Communities of Practice (CoP) are a great way for professionals to grow: can you imagine what does it mean having a group of experts and professionals to back you up when you need it? This is just one of the advantages of being part of a CoP. Lead3.0 is promoting its own Community  dedicated to educators from academies, schools or corporate that want to discover how to benefit from digital tools, how to create online courses, or how to support digital learning. But before we talk of that, let’s make a step behind…

What is a Community of Practice?

The term Community of Practice (CoP) indicates a group of people who share an interest, a passion or a profession. Cognitive anthropologist Jean Lave and educational theorist Etienne Wenger proposed the term in their 1991 book Situated Learning, then Wenger deepened the question in his 1998 book Communities of Practice (you can get both books on the Amazon, here and here ). CoPs can exist both online (as it is for Lead3.0 CoP) or offline, but members don’t need to share the same space in order to be recognized as a Community. CoPs can develop naturally from members’ interests, or can be specifically designed to support the development of new skills and knowledge. Members of a CoP learn from each other by sharing experiences and information related to their specific field. You can read an article by Wegner on what is exactly a CoP.

If you’d like to know more, you can watch this video interview with Etienne Wenger, who is a bright and joyful speaker – so nice to listen to him!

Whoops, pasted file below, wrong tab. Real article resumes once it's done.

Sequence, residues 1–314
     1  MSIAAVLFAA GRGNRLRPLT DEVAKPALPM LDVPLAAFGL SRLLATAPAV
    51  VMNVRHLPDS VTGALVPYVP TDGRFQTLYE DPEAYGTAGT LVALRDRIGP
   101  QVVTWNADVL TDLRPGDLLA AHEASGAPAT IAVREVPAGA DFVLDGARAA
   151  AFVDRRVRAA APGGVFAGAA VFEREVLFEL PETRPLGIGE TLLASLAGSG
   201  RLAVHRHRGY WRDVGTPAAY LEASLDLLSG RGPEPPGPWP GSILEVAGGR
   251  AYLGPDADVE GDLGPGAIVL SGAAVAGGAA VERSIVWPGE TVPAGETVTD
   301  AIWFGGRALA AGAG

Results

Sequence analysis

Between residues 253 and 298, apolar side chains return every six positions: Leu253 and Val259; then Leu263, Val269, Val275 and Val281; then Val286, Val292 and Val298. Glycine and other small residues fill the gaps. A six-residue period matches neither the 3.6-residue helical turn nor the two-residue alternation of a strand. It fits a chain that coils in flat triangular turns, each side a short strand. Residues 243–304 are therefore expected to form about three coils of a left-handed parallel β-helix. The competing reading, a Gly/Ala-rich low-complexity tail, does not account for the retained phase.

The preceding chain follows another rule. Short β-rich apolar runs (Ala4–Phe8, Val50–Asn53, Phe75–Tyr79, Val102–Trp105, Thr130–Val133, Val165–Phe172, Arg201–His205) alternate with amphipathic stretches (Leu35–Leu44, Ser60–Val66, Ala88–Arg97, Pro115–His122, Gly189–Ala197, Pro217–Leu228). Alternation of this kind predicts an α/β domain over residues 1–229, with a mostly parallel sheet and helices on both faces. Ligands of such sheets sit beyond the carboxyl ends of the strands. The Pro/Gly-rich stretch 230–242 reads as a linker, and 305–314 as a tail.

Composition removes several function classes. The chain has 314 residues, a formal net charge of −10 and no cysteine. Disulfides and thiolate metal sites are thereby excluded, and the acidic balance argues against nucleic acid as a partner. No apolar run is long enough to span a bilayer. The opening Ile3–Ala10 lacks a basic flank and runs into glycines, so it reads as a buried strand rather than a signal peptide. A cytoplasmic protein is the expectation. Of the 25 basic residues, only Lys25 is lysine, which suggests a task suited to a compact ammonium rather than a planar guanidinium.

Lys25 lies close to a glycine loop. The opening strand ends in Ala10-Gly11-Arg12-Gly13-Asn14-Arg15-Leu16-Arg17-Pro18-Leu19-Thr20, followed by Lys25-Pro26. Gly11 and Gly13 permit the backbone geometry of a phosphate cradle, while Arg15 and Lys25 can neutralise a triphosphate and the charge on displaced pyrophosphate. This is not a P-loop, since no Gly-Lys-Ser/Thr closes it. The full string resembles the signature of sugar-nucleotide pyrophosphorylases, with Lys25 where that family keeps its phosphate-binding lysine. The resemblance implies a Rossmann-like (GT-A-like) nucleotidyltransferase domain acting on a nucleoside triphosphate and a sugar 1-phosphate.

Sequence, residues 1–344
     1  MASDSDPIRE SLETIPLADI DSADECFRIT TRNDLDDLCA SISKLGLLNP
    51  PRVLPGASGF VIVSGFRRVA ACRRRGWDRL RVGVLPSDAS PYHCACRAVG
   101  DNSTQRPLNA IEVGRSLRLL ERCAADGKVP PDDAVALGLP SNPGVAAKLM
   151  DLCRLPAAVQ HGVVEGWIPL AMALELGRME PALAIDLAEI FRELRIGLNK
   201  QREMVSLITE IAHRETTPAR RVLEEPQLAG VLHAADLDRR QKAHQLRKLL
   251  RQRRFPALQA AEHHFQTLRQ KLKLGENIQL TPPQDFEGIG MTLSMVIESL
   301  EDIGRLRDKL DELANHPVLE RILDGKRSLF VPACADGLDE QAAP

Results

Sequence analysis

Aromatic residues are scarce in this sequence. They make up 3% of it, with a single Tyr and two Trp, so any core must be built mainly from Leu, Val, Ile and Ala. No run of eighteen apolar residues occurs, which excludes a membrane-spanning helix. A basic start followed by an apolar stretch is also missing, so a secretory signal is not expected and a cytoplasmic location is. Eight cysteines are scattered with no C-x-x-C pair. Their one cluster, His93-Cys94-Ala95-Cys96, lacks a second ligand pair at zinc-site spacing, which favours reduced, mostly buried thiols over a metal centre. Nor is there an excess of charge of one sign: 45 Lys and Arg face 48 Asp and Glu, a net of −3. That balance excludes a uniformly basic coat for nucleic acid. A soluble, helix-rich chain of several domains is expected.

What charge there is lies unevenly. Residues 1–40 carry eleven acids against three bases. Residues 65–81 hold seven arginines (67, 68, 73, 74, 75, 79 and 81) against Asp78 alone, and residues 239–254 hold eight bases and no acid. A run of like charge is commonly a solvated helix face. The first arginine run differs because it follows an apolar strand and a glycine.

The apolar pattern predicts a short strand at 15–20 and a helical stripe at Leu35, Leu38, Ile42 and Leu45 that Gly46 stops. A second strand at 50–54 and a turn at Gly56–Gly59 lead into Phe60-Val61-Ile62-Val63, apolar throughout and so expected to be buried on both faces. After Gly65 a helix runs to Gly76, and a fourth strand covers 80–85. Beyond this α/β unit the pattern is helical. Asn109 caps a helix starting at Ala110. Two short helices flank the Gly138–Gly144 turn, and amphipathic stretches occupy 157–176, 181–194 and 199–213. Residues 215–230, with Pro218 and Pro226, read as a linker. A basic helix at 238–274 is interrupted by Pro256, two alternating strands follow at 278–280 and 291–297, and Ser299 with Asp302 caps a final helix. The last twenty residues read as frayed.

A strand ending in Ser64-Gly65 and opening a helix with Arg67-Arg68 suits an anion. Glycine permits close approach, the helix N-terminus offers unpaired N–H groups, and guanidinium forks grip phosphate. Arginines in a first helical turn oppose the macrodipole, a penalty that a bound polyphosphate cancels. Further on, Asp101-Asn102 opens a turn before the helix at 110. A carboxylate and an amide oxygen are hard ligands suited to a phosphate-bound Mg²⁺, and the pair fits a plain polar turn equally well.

Online learning? Yes, please

Lead3.0 CoP is specifically designed to support the work of trainers and educators that want to discover new digital means to help them in their day-to-day practice. Online learning, e-lessons and MOOCs are growing, especially when it comes to educational solutions for large companies. Blended learning is also raising: many educators nowadays find themselves delivering only part of their content physically in the classroom. The debate regarding pro’s and con’s of online learning dates way back, and still we don’t have a clearly right or wrong answer. The truth is that online learning is here, and it’s up to you whether you’d like to embrace it or to ignore it. We think that some digital tools can be very, very useful even in the most traditional classroom: have a look for example at Desmos (if you’re keen on maths), instaGrok (to discover EVERYTHING – look at the concept map about CoP it produced in just moments!), or Cold Turkey  (if you need to get distraction out of the way). There is a lot to read online in order to learn more on the matter, but we especially like this blog. Also the BBC has something to say on the topic.